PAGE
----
But it’s not just court debt that can burden those released from prison.

Tulsa County Assistant Public Defender Glen Blake said one of the commuted men was pulled over for speeding and ended up being arrested because of a possession of a stolen vehicle warrant from 1995.

The man had been incarcerated the past 25 years, so the warrant had sat dormant in the system. Blake said “thank goodness” Tulsa County District Attorney Steve Kunzweiler was reasonable and dropped the case when presented with what happened.

“But it just goes to show, sometimes it can just never seem to end,” Blake said.

Life after prison

Exiquio Gonzalez has not slowed down since his release from prison after his life sentence for conspiracy to traffic marijuana was commuted.

“Actually, it’s been going great,” Gonzalez said, when asked in an interview.

The 44-year-old had served about four years of his life sentence when his sentence was commuted.

He said he landed a job about eight months ago as an aircraft technician in Oklahoma City, work with which he had prior experience.

He said he also works at a non-profit center, mentoring kids. He hopes one day to be able to tell his story to youths held in detention centers.

“Kinda let them know just because they made a mistake, it doesn’t define us,” Gonzalez said. “There’s a lot more out there in life.”

Gonzalez said he has also been taking courses at Southern Nazarene University, where he is scheduled to graduate next October with a bachelor’s degree in organizational leadership.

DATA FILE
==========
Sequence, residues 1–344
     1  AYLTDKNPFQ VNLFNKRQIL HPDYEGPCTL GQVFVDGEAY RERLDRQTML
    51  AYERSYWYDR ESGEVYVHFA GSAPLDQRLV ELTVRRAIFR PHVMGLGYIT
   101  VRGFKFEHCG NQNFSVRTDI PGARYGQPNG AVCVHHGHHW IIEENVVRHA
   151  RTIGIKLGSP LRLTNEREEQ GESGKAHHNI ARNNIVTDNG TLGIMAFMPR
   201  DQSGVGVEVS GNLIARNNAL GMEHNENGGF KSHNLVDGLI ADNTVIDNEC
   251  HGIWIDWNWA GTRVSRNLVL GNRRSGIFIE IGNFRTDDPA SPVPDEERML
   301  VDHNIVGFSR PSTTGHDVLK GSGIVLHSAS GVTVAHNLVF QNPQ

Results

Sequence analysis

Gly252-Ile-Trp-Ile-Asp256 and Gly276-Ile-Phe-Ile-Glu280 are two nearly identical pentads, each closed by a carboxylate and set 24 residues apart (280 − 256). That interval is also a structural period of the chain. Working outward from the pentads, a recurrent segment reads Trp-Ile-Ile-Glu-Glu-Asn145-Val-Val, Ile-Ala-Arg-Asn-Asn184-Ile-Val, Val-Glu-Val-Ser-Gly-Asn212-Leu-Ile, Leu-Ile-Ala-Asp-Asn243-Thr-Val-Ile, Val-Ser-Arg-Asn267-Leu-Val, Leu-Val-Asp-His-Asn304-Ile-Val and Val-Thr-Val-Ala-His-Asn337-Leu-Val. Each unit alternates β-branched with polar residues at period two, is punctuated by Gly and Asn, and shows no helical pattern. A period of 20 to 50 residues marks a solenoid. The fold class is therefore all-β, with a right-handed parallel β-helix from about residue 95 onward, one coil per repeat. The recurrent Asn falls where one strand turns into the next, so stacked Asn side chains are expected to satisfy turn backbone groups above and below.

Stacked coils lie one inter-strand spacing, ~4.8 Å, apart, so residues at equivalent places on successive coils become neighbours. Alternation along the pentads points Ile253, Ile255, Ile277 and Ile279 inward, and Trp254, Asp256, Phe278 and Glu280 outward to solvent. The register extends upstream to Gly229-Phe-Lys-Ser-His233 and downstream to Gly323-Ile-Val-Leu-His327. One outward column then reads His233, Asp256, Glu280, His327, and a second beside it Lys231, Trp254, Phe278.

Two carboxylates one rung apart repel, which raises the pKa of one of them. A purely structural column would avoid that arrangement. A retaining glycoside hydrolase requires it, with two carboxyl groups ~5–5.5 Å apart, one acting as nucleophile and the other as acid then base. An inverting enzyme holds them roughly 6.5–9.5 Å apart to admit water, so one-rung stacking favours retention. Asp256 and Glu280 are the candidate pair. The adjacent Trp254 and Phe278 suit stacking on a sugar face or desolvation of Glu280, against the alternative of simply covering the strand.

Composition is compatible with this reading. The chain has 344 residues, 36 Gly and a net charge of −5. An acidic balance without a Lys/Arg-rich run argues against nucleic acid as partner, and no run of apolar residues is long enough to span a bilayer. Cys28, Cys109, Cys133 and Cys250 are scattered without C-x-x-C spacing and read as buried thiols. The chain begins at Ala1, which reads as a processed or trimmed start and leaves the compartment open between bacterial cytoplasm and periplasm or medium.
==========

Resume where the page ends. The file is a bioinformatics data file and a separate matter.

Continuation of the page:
Still, Gonzalez said he thinks he could be doing even more.

“I get down on myself because I’m not where I think I should be,” Gonzalez said. “But people tell me I’m a lot further than a lot of other people, even those who have not been to prison.”

He credits a “great support system” with his success since being released from prison.

And while his prison term may have been commuted, his court fees and fines were not erased.

Gonzalez owes over $53,000 for one case.

Since June, Gonzalez has been making $25 monthly payments to the district court to retire his debt.

“I think it’s for the long term,” Gonzalez replied, when asked how long he thought it would take him to pay off the court debt.

Despite all he has achieved so far, Gonzalez said he hopes to achieve more in the coming months.

“By this time next year, God willing, I’ll own my own home,” Gonzalez said.

Witherspoon, meanwhile, had an issue in which a warrant was wrongfully issued for her arrest. It popped up on a background check, preventing her from receiving a promotion to shift manager at McDonald’s.

Somehow a failure-to-have-insurance ticket from 2014 was entered into the system twice. She presented her receipts showing she had paid it off to get her license re-instated and the duplicate was wiped.

With that cleared up, Witherspoon said she is back in line for that promotion.

“It really didn’t affect me, but it showed me I can talk to these people and not be scared and know I’m doing something correct and positive and not running or hiding from them,” she said.

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Corey Jones




Curtis Killman


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Staff Writer

I am a general assignment reporter who predominately writes about public health, public safety and justice reform. I'm in journalism to help make this community, state, country and, ultimately, world a better place.